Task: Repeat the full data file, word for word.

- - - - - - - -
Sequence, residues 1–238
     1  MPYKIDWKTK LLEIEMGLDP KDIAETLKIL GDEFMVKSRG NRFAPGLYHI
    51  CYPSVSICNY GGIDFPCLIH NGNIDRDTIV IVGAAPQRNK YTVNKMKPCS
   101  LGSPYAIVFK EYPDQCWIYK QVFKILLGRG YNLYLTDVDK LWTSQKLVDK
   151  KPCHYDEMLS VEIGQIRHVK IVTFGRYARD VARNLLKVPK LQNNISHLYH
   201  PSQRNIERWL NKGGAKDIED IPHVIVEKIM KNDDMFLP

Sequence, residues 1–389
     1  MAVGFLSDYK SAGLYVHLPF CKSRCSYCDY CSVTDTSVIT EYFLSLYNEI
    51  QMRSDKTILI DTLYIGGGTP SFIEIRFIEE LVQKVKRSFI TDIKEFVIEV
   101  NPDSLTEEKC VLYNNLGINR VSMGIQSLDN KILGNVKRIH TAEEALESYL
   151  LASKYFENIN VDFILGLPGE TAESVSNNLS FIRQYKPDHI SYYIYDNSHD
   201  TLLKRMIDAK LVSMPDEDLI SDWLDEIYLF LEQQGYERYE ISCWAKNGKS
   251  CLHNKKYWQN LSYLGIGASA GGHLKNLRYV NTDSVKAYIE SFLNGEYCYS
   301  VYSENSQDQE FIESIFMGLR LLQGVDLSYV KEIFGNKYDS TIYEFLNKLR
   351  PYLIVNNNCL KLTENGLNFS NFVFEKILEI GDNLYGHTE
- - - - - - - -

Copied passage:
Sequence, residues 1–238
     1  MPYKIDWKTK LLEIEMGLDP KDIAETLKIL GDEFMVKSRG NRFAPGLYHI
    51  CYPSVSICNY GGIDFPCLIH NGNIDRDTIV IVGAAPQRNK YTVNKMKPCS
   101  LGSPYAIVFK EYPDQCWIYK QVFKILLGRG YNLYLTDVDK LWTSQKLVDK
   151  KPCHYDEMLS VEIGQIRHVK IVTFGRYARD VARNLLKVPK LQNNISHLYH
   201  PSQRNIERWL NKGGAKDIED IPHVIVEKIM KNDDMFLP

Sequence, residues 1–389
     1  MAVGFLSDYK SAGLYVHLPF CKSRCSYCDY CSVTDTSVIT EYFLSLYNEI
    51  QMRSDKTILI DTLYIGGGTP SFIEIRFIEE LVQKVKRSFI TDIKEFVIEV
   101  NPDSLTEEKC VLYNNLGINR VSMGIQSLDN KILGNVKRIH TAEEALESYL
   151  LASKYFENIN VDFILGLPGE TAESVSNNLS FIRQYKPDHI SYYIYDNSHD
   201  TLLKRMIDAK LVSMPDEDLI SDWLDEIYLF LEQQGYERYE ISCWAKNGKS
   251  CLHNKKYWQN LSYLGIGASA GGHLKNLRYV NTDSVKAYIE SFLNGEYCYS
   301  VYSENSQDQE FIESIFMGLR LLQGVDLSYV KEIFGNKYDS TIYEFLNKLR
   351  PYLIVNNNCL KLTENGLNFS NFVFEKILEI GDNLYGHTE